A few years ago, when I still had a subscription to a print paper (Ventura County Star), a question to Dr. Gott’s medical advice column caught my eye. It made my heart ache to read it, as I had a very similar experience to the gentleman who wrote to Dr. Gott for help. I was very dissatisfied with Dr. Gott’s answer and mailed my own explanation of the man’s symptoms to Dr. Gott, but I don’t think it was ever considered. Here is the article from April 4, 2009:
DEAR DR. GOTT:
I am a 47-year-old male smoker. I have a lot of stomach problems that started after a stomach virus in January 2007. I used to weigh 214 pounds but now weight 138 pounds and am 6’ 4” tall.
I have had 3 complete blood counts, thyroid and B12 tests, a CT scan of my chest, stomach and pelvis, a colonoscopy, and an endoscopy. I was told I have irritable bowel syndrome (IBS) since my tests have all come back normal. A nutritionist has told me that my body mass is extremely low.
My symptoms vary and can include headaches, increased urination, fatigue, lower stomach cramps, plugged ears, tender stomach, nausea, bloating, gas, loss of appetite, abdominal pain, skipped heart beats, different bowel patterns every day, and high anxiety.
I used to be a very upbeat positive person but now I have very nervous and have many strange thoughts and behaviors. I have an extreme fear of vomiting which sometimes causes me to miss entire meals. I drink coffee every day even if I don’t eat. I have skipped lots of meals because of pain and fear, and even if I feel hungry and can hear my stomach growling, I will ignore.
I am now a very self-centered, depressed person and care only to read about what could be wrong with me.
My doctor told me I could be ill because of my anxiety and has offered medications to try but I refuse them because of the possible side effects.
Could this really be IBS or are my doctors missing something?
I believe your problems can all be traced back to one thing: your irrational fears and anxiety. By not eating, you have lost far too much weight, are likely undernourished and your caffeine intake and smoking habit are not helping.
Caffeine is essentially a diuretic which could explain your increased urination. It can also cause or worsen nervousness, anxiety and palpitations. Your bowel patterns are different every day because of your inconsistent food intake. Stomach pain, bloating, tenderness, nausea and gas can be linked back to your inadequate and infrequent eating habits. After a period of not eating anything substantial, your stomach will become unable to properly digest and absorb nutrients.
I believe your best course of action is to seek out a physician, nutritionist and therapist who can all work together to help you understand your fears, develop an appropriate eating plan and monitor you. In my opinion, if there were an underlying physical illness, it would have been found. IBS is unlikely but once you are back on a normal diet, the IBS diagnosis can be confirmed or denied.
You have essentially developed a serious eating disorder. Eating disorders are not about gaining or losing weight, they are about control, fear and other emotional and psychological factors.
You need help. Consider admitting yourself to a facility that specializes in eating disorders where you will have access to physicians, nutritionists and therapists to help you work through this difficult time.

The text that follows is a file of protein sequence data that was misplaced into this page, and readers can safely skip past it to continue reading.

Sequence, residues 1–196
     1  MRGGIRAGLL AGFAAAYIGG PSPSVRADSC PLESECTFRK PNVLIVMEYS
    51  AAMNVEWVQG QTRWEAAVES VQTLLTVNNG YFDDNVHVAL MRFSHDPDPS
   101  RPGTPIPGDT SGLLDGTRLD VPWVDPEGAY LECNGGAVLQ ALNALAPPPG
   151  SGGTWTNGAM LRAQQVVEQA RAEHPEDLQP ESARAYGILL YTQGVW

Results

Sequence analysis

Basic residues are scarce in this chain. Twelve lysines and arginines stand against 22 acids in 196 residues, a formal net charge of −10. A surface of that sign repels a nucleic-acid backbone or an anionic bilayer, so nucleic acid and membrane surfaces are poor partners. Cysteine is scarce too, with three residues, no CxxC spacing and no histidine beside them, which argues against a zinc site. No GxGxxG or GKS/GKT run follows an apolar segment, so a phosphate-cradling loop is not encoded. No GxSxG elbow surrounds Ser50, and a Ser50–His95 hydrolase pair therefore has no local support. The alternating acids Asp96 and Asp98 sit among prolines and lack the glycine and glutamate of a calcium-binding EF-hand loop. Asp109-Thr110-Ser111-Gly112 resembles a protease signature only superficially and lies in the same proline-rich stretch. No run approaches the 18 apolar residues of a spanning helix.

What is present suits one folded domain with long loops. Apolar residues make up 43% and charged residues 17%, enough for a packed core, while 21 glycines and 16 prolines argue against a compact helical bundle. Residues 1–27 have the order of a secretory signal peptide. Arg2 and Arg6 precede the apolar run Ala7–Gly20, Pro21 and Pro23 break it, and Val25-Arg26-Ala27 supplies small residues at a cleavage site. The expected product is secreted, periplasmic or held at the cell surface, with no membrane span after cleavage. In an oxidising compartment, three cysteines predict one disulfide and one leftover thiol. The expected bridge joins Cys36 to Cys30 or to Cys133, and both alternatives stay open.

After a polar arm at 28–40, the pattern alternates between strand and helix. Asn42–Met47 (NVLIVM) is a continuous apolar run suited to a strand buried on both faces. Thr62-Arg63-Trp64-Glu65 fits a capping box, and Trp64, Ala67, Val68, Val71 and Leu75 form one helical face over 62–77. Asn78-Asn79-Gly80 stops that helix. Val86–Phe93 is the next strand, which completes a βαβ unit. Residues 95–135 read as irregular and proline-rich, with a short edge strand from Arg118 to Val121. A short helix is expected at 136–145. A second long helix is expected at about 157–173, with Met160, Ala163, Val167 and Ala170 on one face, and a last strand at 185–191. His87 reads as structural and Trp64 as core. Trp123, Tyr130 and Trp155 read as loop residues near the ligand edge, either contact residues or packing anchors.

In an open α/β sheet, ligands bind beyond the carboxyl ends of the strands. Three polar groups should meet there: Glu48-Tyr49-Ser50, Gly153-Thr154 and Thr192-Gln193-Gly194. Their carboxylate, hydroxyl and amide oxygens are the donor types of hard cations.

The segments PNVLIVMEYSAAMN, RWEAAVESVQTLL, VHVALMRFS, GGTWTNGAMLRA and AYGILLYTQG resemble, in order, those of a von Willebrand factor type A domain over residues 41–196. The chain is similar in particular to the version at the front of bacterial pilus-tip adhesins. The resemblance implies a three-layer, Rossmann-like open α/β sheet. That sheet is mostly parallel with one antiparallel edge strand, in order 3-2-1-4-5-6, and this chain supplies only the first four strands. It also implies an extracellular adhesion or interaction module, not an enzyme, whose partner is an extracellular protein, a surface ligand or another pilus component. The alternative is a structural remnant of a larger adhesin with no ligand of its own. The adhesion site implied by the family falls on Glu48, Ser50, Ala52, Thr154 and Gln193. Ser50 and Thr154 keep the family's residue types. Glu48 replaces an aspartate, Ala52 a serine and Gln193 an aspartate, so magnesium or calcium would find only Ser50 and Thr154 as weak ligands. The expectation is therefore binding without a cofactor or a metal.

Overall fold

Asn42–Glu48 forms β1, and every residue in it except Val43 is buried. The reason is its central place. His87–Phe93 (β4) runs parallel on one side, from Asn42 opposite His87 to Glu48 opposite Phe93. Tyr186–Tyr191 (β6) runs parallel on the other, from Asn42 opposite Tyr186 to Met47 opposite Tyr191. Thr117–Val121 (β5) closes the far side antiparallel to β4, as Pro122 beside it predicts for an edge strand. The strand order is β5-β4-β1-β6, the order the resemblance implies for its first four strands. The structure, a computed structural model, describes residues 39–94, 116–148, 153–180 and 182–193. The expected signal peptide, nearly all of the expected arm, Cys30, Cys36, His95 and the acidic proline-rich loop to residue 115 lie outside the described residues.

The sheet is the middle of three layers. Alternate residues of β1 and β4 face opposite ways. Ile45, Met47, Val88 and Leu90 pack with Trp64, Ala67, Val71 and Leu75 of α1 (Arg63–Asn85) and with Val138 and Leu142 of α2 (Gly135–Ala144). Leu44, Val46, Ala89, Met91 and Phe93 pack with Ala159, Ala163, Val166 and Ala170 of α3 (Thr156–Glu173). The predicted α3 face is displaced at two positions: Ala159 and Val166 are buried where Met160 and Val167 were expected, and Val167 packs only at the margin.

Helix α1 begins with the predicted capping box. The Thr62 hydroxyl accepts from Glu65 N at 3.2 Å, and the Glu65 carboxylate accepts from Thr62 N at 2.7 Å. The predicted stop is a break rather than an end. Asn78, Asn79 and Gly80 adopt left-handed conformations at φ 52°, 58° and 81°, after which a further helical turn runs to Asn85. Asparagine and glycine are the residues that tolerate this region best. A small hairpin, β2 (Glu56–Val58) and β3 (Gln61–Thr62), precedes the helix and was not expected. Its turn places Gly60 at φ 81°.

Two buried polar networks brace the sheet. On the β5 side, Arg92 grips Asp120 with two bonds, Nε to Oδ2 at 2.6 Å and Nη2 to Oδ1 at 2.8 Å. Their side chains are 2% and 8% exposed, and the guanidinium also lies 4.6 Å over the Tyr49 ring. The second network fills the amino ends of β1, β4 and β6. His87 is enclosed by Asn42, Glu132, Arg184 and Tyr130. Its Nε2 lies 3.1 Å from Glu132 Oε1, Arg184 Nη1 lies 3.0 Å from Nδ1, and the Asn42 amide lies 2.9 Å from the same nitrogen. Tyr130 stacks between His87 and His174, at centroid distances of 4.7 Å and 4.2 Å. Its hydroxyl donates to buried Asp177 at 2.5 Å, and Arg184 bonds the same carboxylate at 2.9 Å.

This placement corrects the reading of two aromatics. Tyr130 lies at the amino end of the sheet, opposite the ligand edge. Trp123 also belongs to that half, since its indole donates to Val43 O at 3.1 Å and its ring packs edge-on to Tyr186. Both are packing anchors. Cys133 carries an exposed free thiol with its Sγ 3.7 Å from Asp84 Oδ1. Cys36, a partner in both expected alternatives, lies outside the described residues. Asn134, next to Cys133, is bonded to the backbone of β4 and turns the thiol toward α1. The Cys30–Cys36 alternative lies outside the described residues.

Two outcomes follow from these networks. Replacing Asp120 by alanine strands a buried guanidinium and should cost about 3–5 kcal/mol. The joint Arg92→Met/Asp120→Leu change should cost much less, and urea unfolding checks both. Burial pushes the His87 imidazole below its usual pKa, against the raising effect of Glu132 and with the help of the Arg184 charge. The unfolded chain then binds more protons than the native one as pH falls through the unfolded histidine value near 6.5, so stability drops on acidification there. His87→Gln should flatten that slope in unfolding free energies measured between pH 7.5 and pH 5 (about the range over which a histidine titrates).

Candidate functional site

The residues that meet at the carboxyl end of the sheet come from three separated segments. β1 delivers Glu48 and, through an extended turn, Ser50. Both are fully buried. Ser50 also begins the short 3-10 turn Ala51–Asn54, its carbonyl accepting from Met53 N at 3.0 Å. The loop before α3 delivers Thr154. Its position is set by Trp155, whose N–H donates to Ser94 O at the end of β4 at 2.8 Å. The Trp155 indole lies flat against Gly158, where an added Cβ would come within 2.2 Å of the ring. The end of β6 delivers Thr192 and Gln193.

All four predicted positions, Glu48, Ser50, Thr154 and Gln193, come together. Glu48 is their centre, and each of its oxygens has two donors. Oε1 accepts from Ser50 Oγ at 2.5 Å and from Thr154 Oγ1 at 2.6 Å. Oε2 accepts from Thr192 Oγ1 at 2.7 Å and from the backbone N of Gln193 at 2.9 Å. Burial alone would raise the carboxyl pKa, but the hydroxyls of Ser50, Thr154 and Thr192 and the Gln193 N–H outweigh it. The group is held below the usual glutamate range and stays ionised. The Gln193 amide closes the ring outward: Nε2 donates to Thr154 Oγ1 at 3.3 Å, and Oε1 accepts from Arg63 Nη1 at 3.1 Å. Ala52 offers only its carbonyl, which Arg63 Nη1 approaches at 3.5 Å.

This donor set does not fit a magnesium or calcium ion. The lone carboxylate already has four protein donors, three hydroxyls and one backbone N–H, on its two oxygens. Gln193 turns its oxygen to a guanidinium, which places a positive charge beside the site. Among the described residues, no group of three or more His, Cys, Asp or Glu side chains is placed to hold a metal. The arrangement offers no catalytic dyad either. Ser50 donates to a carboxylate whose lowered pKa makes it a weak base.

To give you related information, I am sending you a copy of my Health Report “Eating Disorders”. Other readers who would like a copy should send a self-addressed, stamped envelope and $2 to Newsletter, PO Box 167, Wickliffe, OH 44092. Be sure to mention the title.
In my opinion, and I’m going to focus on the symptoms related to low serum levels of tryptophan, it does seem like this man has been traumatized by his symptoms and may need therapy to recover, but many of his symptoms mirrored my own. Shortly before showing signs of a stomach virus, I too had anxiety, which continued for many months after I had recovered from the norovirus infection. I had headaches, stomach pain, nausea, gas, palpitations and many other symptoms. I had an upper GI endoscopy to diagnose my constant stomach pain with the result being negative. What I believed happened to me, and possibly this person, is that my blood tryptophan levels were already low due to inflammation caused by a food allergy or sensitivity. I don’t know what could cause this man’s inflammation. Perhaps he has a food or gluten allergy or a food sensitivity. Maybe he had/has a chronic viral or bacterial infection or even cancer that would cause IDO to be expressed at an elevated level and cause serum tryptophan levels to be chronically low. Then along comes a norovirus and sends the body into a tail spin, with an increased production of serotonin to trigger diarrhea and vomiting to physically rid the body of the virus, which in turn deplete tryptophan levels in the blood. IDO expression elevates even more to help slow the replication of the stomach virus, catabolizing tryptophan and creating byproducts that are neurotoxic. Inflammation continues because the source of the undiagnosed food allergy/infection/cancer has not been treated and doesn’t allow the body to recover sufficient levels of tryptophan, so the anxiety as well as the eating disorder continues.
In this case, Dr. Gott links the mans poor eating habits to stomach pain, bloating, tenderness, nausea and gas, but I would argue these are the signs of a food allergy or sensitivity. I know in my case, the anxiety, depression and other symptoms discussed did cease when I removed gluten and dairy from my diet.